And now the state is once again waking up in a deep freeze. The high temperature Friday will barely break 0, with bitter windchills making it feel like 25 to 30 below, said Jacob Beitlich, meteorologist with the National Weather Service in Chanhassen.

“But it will be a bright, sunny day,” he said.

And the worst of winter might be over, according to meteorologist Paul Douglas.

“This is the last really cold day in sight,” he said. “This past week, for number of hours below zero and the severity of the windchill, this week was the coldest of winter. I may be an optimist but I think this was the worst of it.”

That hopeful note could be exactly what Minnesotans need after 40-50 mph winds created white-out conditions in south-central Minnesota and slick roads throughout the state. The State Patrol reported 654 crashes — the troopers’ busiest day this winter. There were 87 people hurt but no reported fatalities or serious injuries, said Lt. Tiffani Nielson.

Three of those crashes involved State Patrol troopers who had stopped to help other motorists. In each of those cases, a passing motorist lost control and hit the State Patrol squad car, Nielson said. One trooper suffered minor injuries and drove himself to the hospital, she said.

A driver who slid off the road on Interstate 35E at County Road 96 in White Bear Lake was hit when he got out of his car and another vehicle lost control, Nielson said. “Although he was injured, it wasn’t serious, which is just amazing,” she said.

“Anyone outside their vehicle has no protection and in these conditions you just need to stay in the car and call 911,” she added. “People want to get out of their cars and check for damage, but it’s not worth risking your life.”

By evening, motorists were mired in gridlock, with evening commutes taking twice, sometimes three times longer than usual. “They were packed like sardines,” Nielson said, which meant fewer accidents as rush hour became a crawl.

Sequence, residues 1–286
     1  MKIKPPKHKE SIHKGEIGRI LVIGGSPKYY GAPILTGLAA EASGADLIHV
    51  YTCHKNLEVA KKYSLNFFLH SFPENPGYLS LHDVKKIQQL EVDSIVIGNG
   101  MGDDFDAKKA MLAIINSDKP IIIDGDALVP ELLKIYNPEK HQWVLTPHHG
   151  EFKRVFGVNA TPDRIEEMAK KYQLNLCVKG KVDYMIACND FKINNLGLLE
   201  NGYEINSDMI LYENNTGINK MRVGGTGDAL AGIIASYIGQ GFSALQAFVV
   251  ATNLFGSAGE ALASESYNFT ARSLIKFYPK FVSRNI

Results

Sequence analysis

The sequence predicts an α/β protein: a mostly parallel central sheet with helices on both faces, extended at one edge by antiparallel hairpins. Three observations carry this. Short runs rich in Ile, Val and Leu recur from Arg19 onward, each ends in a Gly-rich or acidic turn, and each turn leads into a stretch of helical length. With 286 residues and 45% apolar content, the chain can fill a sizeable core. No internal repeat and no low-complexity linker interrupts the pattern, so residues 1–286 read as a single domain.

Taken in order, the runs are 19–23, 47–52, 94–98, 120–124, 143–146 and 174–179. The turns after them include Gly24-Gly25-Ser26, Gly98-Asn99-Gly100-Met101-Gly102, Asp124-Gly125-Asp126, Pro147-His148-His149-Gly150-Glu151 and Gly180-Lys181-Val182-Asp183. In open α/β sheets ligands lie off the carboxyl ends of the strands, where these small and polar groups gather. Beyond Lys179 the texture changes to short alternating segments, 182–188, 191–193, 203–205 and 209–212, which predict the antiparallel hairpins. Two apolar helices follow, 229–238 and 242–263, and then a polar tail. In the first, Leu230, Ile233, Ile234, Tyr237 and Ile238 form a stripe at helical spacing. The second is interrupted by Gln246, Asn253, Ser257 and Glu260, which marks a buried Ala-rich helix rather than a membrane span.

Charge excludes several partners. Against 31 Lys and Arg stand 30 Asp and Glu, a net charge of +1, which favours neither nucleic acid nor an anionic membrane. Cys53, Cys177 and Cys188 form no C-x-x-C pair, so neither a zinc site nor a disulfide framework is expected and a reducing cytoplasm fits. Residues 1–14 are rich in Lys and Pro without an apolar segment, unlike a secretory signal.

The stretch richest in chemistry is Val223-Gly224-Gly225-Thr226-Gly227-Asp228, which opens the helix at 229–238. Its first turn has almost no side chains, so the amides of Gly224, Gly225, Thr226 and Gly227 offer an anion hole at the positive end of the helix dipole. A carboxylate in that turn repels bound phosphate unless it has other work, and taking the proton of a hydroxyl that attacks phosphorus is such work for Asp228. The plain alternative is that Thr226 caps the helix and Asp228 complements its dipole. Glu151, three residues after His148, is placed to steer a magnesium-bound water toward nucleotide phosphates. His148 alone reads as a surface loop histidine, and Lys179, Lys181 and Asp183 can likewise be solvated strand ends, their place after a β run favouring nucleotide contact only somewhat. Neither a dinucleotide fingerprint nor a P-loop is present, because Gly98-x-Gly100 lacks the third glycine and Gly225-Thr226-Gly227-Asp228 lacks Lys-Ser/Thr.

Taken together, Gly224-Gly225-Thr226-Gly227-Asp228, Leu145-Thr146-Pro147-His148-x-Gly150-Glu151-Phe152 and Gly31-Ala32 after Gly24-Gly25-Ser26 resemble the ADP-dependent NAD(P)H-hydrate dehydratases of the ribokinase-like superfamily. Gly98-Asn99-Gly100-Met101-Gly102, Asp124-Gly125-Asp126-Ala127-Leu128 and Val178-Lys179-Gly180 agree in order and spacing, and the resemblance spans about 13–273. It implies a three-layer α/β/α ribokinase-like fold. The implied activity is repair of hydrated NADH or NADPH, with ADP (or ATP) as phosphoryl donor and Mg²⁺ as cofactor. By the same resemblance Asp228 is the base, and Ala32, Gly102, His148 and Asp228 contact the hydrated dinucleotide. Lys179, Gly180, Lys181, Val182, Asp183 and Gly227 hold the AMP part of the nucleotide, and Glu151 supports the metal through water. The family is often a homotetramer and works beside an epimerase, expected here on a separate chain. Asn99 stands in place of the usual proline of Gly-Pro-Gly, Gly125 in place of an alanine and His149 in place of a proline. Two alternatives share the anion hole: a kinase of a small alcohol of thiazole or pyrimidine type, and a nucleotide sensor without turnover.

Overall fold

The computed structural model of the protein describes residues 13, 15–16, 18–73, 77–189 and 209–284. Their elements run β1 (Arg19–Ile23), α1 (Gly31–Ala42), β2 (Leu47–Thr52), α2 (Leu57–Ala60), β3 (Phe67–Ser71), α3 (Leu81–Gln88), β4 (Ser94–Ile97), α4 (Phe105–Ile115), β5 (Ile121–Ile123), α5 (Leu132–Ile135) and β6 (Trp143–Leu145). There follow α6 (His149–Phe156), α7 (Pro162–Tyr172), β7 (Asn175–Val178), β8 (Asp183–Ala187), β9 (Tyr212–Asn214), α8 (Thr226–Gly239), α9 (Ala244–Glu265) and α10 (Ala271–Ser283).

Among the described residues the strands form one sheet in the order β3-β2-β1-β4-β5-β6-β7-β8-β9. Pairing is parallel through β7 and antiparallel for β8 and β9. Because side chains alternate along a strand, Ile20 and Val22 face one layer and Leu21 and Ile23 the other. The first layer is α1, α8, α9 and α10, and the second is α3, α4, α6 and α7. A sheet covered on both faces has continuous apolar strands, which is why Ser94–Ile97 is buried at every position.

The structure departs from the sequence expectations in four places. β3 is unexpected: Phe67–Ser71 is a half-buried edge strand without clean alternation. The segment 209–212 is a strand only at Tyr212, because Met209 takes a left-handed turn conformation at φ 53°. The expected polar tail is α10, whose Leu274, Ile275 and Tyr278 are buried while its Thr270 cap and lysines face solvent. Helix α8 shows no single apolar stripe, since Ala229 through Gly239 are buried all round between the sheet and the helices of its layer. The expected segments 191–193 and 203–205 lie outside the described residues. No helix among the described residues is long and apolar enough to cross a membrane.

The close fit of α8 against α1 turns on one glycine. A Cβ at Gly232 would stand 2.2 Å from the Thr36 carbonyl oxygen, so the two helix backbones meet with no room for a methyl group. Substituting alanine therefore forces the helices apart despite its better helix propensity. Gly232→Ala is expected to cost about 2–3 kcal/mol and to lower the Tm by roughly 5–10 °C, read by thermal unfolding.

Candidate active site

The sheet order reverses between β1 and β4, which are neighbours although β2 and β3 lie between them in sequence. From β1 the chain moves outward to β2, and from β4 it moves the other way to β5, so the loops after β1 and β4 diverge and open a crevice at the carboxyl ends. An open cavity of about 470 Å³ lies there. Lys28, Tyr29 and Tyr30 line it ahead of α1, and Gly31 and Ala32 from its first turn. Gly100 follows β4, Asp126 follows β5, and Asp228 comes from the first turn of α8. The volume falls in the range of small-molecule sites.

The morning commute could bring more trouble, though.

In bitterly cold weather, road salt and chemicals aren’t effective, Douglas said. “The colder the storm, the more dangerous the storm.”

Although many areas only received 1 to 3 inches of snow, high winds swirled it with what was already on the ground to create blizzard conditions throughout much of southwestern and south-central Minnesota. Whiteouts made travel hazardous and closed highways for a time, including Hwy. 60 from Mankato to Worthington and Hwy. 71 near Redwood Falls.

The Willmar School District called back buses that serve rural routes and alerted families that they’d have to pick up their kids from school instead.

Many school districts in the areas of the blizzard warning called off classes, including Blue Earth, Comfrey, Fairmont, Redwood Falls, Sleepy Eye, St. James, Tracy and Windom.

Schools in Mankato, public and private, decided to send students home at 1 p.m. In St. Peter, schools let out at noon.

The arctic blast this week produced one benefit — extra wind power. The electric grid for 15 mid-continent states, including Minnesota, reported strong wind generation, including a record level of wind power at 10:22 p.m. Tuesday. That represented 13 percent of the electricity on the grid, said Andy Schonert, spokesman for the system operator. Minneapolis-based Xcel Energy, the nation’s leading wind power utility, said its wind farms had a good output but didn’t set a record.

The forecast for bitter conditions wiped out a ski, walk and snowshoe event that was scheduled for Friday evening at Terrace Oaks Park in Burnsville. The NWS is calling for a high of no more than 1 degree Friday, with most of the day spent in minus territory amid continued strong winds.


Star Tribune staff writer David Shaffer contributed to this report.